When property is sold for a series of payments, seller can sometimes wait until payments are received to report gain on the sale. Under the installment method, each payment is treated as part gain, part return of basis, under mathematical formula.
If installment reporting unavailable
Buyer’s I.O.U. is treated as valuable property received at closing, and gain is “bunched” into year of sale (even though seller will not be paid until later).
Sales that don't qualify for installment reporting
Sales by retailers and real estate dealers and sales by anyone of publicly traded stock.
Elect out of installment reporting
Ok if taxpayers wish to do so
Claim of right
Income is realized when the taxpayer receives it under a claim of right, with no restrictions on spending it, even though there is some possibility that he/she may have to return it in the future (D has to pay judgment pending appeal). In contrast, disputed right to income is not presently taxable.
Corrections when reports income and later required to restore it. 2 options for reporting the payback
• Deduct the repayment in the current year, using the current year’s tax rates, even if they are higher than when he/she had the income, OR
• Reopen the prior year, determine how much tax he/she paid on the income in that year, and take that amount as a credit against tax in the current year.
Nonrecognition definition
Sometimes sales or exchanges of property give rise to realized gains (or losses), but Congress has decided that special circumstances warrant postponing the taxation of the gain (or deduction of the loss). In these situations, Congress has declared that the gain or loss on the sale or exchange is not recognized for tax purposes – i.e. it does not go on the tax return. Must be realized and recognized.
Nonrecognition categories
Transfers between spouses
Divorce property settlements
Like-kind exchanges
Involuntary conversion
Nonrecognition - Transfers between spouses
Any transfer between live spouses is a nonrecognition event – no gain/loss recognized. Transferee takes a “carryover” basis from the transferor. Always treated as a gift. Includes outright sales, exchanges, etc., as well as gifts. Bequests, devise or inheritance from deceased spouse is also a nonrecognition event, but basis “steps up” or “steps down” to FMV at death.
Nonrecognition - Divorce property settlements
On dissolution of marriage, same rule applies as during marriage – nonrecognition of gain/loss and “carryover” basis (except alimony). Transferee may later have to pay tax on transferor’s gain, or get to deduct transferor’s loss.
Nonrecognition - Like-kind exchanges
No gain or loss is recognized if business or investment property is exchanged for other business or investment property of “like kind” with the property being given up in exchange. Basis is the carryover basis in the old property.
Like-kind exchanges definitions of like-kind transactions
• Real estate and personal property are automatically not like-kind with each other.
• All real estate is like-kind with all other real estate for this purpose – skyscraper is like farmland.
• Personal property rules not as lax, but trucks are like trucks, computers like computers, etc.
• Stocks, bonds, notes, etc. disqualified. Personal assets disqualified. Inventory and other property that the taxpayer holds for sale to customers (e.g., real estate in hands of real estate dealer) disqualified.
Boot - Recognition
If taxpayer receives money or non-like-kind property in the exchange (“boot”), gain is recognized up to the lesser of (1) the realized gain, or (2) the amount of the “boot.” Thus, if taxpayer handles money in the transaction, he or she is likely to recognize gain. Note, however, you cannot recognize more gain than you realize. If don’t realize full boot, then basis decreased by amount of untaxed boot.
Mortgages as Boot - Recognition
If the other party to the exchange takes over the taxpayer’s liability, not only is that an additional amount realized – the mortagage is also “boot” (treated as money received by the taxpayer transferring the mortgaged property), causing gain to be recognized.
Nonrecognition - Involuntary conversion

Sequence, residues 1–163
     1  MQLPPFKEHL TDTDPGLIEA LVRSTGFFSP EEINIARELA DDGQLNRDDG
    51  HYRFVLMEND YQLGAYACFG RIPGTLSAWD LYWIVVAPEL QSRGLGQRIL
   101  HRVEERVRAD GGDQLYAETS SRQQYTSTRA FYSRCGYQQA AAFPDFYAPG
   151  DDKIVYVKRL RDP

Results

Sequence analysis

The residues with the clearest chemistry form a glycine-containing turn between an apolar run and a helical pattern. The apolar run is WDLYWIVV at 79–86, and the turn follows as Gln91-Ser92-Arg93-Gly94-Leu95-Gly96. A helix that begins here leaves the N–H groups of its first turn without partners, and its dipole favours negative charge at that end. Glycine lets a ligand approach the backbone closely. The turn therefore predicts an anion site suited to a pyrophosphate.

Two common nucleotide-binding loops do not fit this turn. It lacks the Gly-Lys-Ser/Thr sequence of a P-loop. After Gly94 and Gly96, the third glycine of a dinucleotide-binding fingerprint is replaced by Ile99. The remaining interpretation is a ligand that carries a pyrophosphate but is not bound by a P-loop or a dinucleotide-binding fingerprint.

A “rollover” provision – taxpayer can transfer property in exchange for cash and still get nonrecognition, so long as he/she replaces the property given up. If taxpayer has a gain as a result of an involuntary conversion (e.g. theft, destruction, or condemnation), taxpayer can elect not to recognize gain if he/she buys “similar or related” property within statutory replacement period. Basis generally carries over from converted asset to replacement asset.
Nonrecognition - Involuntary conversion rules
• Period begins when conversion takes place, and ends two years after the end of that year – more than two years, but less than 3 years.
• Applies to any kind of property.
• No dollar limit.
• Any proceeds of the involuntary conversion that are not reinvested in the replacement property are taxed like “boot” in a like-kind exchange.
• Basis rules are similar to those governing like-kind exchanges – typically, a “carryover” basis from taxpayer’s old property to new.
Long-term capital gains taxation
Taxed at a lower rate than ordinary income. For example, the top rate on long-term capital gain is 15%, rather than 35% for other types of income. Long-term gains are those on property held for more than one year.
Capital losses taxation
 Capital losses (both long-term and short-term) are subject to special limitations. For individuals, capital losses for any year are deductible only against capital gains from that year, plus $3,000 of ordinary income. Except for the $3,000, any excess of capital loss over capital gain must be carried forward to future years for deduction against future capital gains (or the annual $3,000 allowance). If die before you get to take them, don’t get them.
Why care? Whether ordinary or capital gains
 A taxpayer prefers gains to be capital and losses to be ordinary. The IRS wants the opposite.
Capital gain or loss - 2 things
• Dividends on corporate stock (treated as long-term capital gain)
• The gain or loss on the sale or exchange of a capital asset.
Capital gain or loss - Requires a sale or exchange
o Except for dividends on stock, only sales and exchanges of property generate capital gain and loss. If a transaction is merely payment for services rendered by the taxpayer, it does not produce capital gain, even if the taxpayer tries to disguise the transaction as a property sale. And rents and interest are not capital gains, because there is no sale or exchange of property. The income from these sources is ordinary income. (Dividends are the only capital gain that does not require a sale or exchange).
Capital gain or loss - Requires that the asset sold or exchanged be a capital asset
o Assuming a sale or exchange is present, to generate capital gain/loss, the sale or exchange must be of a capital interest.
Capital gain or loss - Personal property
o Losses on sales or exchanges of personal-use assets are not deductible at all (includes your home). Gains on sales and exchanges of such assets, however, are taxable as capital gains.